Tension progressively (ie a little at a time on each trip around the drum - half-turns with the key at a time should do it), and don't try to crank each rod.
At this point, this level of tension for a batter head can prove to be enough for many players, but if you want a more bouncy feel, take the head up half a turn up on each rod.
Now tap gently around the head (about 2"-3" in from the edge) and check that the pitch is even all the way round. Don't get overcritical with this, just make sure there aren't any obvious differences and adjust where necessary.
5. Dampen now (if you must)
If you do insist on dampening the bass drum, this is the time to do it. A small rolled-up towel placed toward the front (resonant head), will generally suffice.
It can sometimes be useful to dampen both heads, particularly for close mic'ing, so (depending on the heads you've chosen) it may be helpful to add a similar sized towel to the batter head. Attach the towel to the inside of the drum (not the head itself) so that the towel will rest against the front head once you've put it on, and then put on the front head.
6. Time to tweak
If possible, repeat the seating procedure used on the batter head and return to finger tight. Press in the centre, as before, and remove the wrinkles. Now, this is where it gets really interesting - the resonant head on a bass drum is the key head when it comes to a great bass drum sound.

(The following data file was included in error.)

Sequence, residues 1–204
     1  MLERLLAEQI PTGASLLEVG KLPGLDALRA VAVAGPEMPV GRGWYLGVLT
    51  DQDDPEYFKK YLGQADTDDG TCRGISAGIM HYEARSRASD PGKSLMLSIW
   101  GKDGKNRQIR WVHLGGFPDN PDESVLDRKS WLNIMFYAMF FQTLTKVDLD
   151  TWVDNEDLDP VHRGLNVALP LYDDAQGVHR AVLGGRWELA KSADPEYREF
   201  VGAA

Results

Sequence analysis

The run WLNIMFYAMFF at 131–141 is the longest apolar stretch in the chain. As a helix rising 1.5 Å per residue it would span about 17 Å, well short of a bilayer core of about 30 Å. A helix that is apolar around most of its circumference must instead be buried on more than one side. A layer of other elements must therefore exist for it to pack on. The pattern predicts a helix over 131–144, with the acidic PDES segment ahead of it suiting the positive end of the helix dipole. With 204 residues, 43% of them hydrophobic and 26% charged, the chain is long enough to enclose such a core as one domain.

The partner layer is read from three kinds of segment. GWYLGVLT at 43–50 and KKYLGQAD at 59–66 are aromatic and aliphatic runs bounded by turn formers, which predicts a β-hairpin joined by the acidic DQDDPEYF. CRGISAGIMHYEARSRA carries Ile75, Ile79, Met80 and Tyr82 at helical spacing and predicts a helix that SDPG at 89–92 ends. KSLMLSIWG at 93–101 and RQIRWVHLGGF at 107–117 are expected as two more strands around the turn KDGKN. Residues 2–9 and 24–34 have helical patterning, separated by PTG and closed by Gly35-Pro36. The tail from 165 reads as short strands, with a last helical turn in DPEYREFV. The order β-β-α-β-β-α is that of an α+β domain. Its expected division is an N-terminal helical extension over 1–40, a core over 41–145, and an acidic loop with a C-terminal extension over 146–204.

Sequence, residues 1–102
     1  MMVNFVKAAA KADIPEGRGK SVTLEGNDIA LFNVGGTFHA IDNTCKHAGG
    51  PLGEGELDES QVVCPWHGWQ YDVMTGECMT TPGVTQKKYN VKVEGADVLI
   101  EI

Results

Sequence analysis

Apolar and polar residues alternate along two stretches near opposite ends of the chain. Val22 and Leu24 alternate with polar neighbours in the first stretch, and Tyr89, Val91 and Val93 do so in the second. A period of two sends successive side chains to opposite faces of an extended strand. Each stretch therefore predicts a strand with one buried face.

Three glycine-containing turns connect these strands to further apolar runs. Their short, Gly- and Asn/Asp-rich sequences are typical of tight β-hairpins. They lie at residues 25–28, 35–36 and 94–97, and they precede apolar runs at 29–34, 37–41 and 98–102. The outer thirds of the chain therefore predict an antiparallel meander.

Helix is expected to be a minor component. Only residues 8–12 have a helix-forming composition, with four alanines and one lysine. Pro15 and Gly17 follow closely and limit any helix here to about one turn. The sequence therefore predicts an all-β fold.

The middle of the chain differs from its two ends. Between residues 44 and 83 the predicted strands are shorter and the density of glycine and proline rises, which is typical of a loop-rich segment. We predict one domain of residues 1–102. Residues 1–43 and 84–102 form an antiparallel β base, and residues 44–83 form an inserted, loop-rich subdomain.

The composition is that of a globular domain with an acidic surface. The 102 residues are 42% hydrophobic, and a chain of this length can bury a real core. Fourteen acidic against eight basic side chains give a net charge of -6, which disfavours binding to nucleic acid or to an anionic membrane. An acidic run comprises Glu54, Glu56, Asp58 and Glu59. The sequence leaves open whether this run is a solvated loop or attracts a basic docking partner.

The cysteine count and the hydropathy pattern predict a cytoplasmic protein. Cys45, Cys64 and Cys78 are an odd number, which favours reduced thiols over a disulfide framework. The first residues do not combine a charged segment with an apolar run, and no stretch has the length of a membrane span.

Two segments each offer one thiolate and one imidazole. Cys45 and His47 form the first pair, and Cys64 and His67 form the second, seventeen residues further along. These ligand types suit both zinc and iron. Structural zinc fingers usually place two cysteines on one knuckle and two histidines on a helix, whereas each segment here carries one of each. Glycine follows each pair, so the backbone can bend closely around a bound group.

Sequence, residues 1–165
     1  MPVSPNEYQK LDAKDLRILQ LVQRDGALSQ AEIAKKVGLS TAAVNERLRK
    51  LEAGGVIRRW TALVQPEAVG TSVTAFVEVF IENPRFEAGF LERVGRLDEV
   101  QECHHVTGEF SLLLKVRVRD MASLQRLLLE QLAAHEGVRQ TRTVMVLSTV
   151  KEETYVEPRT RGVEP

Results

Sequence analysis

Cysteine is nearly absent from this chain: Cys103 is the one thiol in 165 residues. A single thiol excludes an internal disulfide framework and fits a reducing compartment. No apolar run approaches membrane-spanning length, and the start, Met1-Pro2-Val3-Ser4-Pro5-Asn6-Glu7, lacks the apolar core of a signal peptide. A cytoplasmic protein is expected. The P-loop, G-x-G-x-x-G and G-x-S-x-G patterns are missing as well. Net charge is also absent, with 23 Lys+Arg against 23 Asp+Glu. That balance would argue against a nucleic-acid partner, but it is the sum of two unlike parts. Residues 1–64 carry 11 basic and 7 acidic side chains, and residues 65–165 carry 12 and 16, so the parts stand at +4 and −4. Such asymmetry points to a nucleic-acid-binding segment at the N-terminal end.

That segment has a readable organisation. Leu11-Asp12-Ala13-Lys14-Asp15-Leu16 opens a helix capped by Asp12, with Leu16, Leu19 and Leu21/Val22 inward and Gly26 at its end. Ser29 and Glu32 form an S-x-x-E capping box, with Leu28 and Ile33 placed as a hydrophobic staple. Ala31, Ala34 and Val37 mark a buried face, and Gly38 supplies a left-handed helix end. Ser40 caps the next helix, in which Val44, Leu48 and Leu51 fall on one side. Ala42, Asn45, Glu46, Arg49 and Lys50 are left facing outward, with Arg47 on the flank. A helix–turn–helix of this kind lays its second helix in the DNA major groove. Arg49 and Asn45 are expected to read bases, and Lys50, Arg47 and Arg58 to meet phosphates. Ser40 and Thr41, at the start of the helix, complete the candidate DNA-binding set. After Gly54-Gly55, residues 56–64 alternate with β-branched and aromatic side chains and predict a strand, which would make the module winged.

Turn your bass drum over into the playing position, engage spurs and attach your favourite bass drum pedal. At this point we haven't actually done any tuning as such, we've just removed the wrinkles and evened out the pitch on the heads. Tuning a bass drum so that it sounds how you want it to out front can be difficult. Many of us will have tried the 'get the bass player to play the drum as I stand out front' routine, but what if no one is about?
Lie down on the floor with one foot on the bass pedal facing the front skin. Play a slow and steady pulse with your foot and start working on the front head to dial in the sound you want. This approach means the bass drum will be struck differently when you're playing, but at least you get a chance to hear the pitch, tone and general resonance of the drum for yourself.
7. Pitch, clarity and focus (and perseverance)
When tuning the front head, you will notice two things. First and not surprisingly, the pitch will start to go up, but perhaps more importantly, the clarity and focus of the sound will improve.
With both heads at the starting point, you'll most likely get loads of low end rumble but very little definition. Some players like this, and that's fine, but if you prefer a more focused or more punchy sound, then persevere and very gently increase the tension of the front head.
You should treat this system purely as a foundation from which to work and be prepared to experiment - trying out different tunings and different heads will help get the sound you want. Good luck!